A scene from John Pollono's Rules of Seconds, directed by Jo Bonney, at the Los Angeles Theatre Center.
A scene from John Pollono's Rules of Seconds, directed by Jo Bonney, at the Los Angeles Theatre Center.
(© Grettel Cortes Photography)

The words "human," "gentlemen," and "rules" are peppered throughout John Pollono's Rules of Seconds, an exploration of the brutality of duels in the 19th century. There may be many rules in dueling, but there's nothing human or gentlemanly involved in shooting each other because of a tiff. Both childish and deadly, the custom is looked upon with no respect in Pollono's play, brought to the LATC by the Latino Theater Company and the Temblors. Directed by Jo Bonney, this shrewd play forces the audience to ponder the idiocy of man's actions. The cast, led by television star Amy Brenneman, is stellar.

Duels were an opportunity for civilized men to more or less commit sanctioned murder. Because there are so many rules and procedures, it had nobility that shrouded it. The play is set in 1855, when a noble European émigré challenges a weak young man to a duel because he accidentally spilled tea on his priceless boots. Walter Brown (Jamie Harris) wants blood for this effrontery, and it's no coincidence that the mother of simpleminded offender Nathaniel Leeds (Matthew Elkins) has a past with Mr. Brown. Mrs. Leeds (Brenneman) uses her womanly wiles in an attempt to bring sense to the man demanding her son's head, but only this legalized death march will satisfy the man. Nathaniel employs his estranged younger brother, James (Josh Helman) to act as his second, but there is no doubt that this cowardly man-child, whose hands shake and voice trembles, is no match for the master marksman Mr. Brown.

Pollono's witty writing evokes Irish wunderkind writer Martin McDonagh (The Beauty Queen of Leenane and The Lieutenant of Inishmore) by using bitter humor and vivid monologues to mock mankind's propensity to use pomposity in order to cover his insecurity. Brown's speech about meeting Mrs. Leeds in the past is particularly gripping and visual. Like McDonagh, Pollono also employs sick humor about death and brutality. Pollono uses the word "gentlemen" with dripping sarcasm as the most revered man in the play is racist, misogynistic, and classist.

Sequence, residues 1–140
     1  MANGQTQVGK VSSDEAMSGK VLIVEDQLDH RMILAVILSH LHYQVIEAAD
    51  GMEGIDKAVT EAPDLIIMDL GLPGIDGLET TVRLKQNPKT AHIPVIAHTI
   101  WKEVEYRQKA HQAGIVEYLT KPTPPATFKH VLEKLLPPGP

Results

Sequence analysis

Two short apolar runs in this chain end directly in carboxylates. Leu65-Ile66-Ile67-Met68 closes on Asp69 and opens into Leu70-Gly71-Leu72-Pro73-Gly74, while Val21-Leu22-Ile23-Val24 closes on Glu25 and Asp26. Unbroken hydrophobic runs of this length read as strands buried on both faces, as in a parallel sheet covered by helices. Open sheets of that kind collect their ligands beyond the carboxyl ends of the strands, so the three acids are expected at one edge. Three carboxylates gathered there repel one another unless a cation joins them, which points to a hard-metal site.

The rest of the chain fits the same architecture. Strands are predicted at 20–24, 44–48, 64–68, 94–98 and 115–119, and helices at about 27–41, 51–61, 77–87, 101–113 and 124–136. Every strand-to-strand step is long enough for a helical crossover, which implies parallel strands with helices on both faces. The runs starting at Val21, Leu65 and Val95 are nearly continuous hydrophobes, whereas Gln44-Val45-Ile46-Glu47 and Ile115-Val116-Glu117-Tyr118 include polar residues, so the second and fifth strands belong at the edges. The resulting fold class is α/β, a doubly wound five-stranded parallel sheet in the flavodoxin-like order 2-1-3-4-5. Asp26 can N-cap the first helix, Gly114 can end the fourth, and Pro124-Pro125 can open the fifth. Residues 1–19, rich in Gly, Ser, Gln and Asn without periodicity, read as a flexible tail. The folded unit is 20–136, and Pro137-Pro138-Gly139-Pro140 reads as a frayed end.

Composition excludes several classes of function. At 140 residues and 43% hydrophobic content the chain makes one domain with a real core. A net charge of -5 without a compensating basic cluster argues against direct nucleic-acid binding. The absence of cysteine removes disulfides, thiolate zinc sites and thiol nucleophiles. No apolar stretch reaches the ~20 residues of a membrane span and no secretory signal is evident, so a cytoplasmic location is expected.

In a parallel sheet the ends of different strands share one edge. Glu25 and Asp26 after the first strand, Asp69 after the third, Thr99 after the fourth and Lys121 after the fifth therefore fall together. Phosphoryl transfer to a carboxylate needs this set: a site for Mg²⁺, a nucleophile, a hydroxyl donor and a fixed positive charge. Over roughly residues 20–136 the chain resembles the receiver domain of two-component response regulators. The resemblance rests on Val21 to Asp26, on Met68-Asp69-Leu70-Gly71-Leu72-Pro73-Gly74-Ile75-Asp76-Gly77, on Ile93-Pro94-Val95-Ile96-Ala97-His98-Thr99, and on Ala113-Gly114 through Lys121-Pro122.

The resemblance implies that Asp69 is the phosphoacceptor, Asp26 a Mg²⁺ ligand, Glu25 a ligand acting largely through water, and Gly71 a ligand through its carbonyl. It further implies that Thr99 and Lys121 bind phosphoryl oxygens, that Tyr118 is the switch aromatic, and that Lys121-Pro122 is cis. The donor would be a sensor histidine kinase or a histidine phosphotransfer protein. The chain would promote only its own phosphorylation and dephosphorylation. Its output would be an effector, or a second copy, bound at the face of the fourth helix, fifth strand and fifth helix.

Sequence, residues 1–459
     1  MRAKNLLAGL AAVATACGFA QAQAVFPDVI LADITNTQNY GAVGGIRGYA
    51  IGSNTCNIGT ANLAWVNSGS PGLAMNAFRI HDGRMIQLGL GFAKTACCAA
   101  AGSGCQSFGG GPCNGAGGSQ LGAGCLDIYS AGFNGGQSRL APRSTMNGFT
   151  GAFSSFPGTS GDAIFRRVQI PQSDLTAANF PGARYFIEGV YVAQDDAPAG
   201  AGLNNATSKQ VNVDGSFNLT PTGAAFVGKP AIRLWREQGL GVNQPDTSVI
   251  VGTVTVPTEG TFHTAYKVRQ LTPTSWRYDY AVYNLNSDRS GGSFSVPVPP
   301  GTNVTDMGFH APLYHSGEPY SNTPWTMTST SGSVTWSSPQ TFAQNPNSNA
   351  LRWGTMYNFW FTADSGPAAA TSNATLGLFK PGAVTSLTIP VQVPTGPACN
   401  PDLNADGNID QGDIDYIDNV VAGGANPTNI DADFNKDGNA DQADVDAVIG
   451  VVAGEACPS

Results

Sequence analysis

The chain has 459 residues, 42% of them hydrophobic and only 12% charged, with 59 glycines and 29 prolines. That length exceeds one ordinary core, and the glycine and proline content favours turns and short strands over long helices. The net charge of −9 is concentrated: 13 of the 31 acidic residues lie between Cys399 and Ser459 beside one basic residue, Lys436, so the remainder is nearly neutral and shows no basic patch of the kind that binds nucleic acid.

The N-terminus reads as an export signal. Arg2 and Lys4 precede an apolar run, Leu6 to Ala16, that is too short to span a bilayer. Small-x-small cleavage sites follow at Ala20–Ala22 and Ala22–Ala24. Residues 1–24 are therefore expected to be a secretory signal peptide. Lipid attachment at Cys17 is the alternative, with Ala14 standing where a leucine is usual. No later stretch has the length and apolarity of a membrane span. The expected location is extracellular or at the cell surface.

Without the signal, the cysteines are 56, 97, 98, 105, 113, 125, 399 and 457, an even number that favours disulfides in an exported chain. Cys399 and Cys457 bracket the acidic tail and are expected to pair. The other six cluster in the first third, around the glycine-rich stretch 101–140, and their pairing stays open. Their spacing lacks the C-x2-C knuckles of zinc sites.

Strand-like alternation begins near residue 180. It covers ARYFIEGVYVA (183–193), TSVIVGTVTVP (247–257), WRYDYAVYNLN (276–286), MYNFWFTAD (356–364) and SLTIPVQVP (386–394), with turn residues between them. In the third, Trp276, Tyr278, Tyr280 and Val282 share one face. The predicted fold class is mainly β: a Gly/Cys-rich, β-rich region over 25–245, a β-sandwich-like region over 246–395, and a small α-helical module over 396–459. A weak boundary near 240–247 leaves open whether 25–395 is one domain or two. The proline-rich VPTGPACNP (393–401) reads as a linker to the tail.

Director Bonney allows the language and familiarity of modern times (the f-word is used liberally) to clash with the prim setting of pre-Civil War America. Bonney has blood squirt all over the stage to hammer home the senselessness of these legal crimes.

Brennemen is insightful as the strongest character in the play, forced to step aside because she's a woman. Though she allows the men to condescend, she is the wise one, the voice of reason, and the evener of the scales. Elkins is a bag of hand tics and introversion. Though a large man, he almost sinks into his own frame. Harris broadly plays Mr. Brown as a self-made master of the universe who considers everyone around him insects. His voice oozes with arrogance and disdain.

Andrew Lees, playing two characters — a foulmouthed footman and a German referee — hilariously bounces dialogue off Damu Malik, particularly during a second act segue where two old friends discuss what's bubbling underneath. As Nathaniel's more heroic brother, Helman projects confidence and a deep-seated compassion underneath the cockiness. As the only other woman in control, while the men act like schoolyard thugs, Jen Pollono shines. With fiery Irish instincts, her Hannah the maid is the play's heart and soul.

Stephanie Kerley Schwartz's costumes visually illustrate the class and gender divisions between the characters; Brennemen's simple sundress is simultaneously youthful and seductive.

The male animal is a supercilious creature with such a fragile ego that any minor offense to his honor must be blown beyond proportion. Though the method of dueling outlined in Rules of Seconds has been outlawed, anyone who thinks that men in power no longer use killing as a mode to pump up their own impotence has not been paying attention. The rules may have changed, as well as the weapons, but the consequences have not, making the play all the more timely.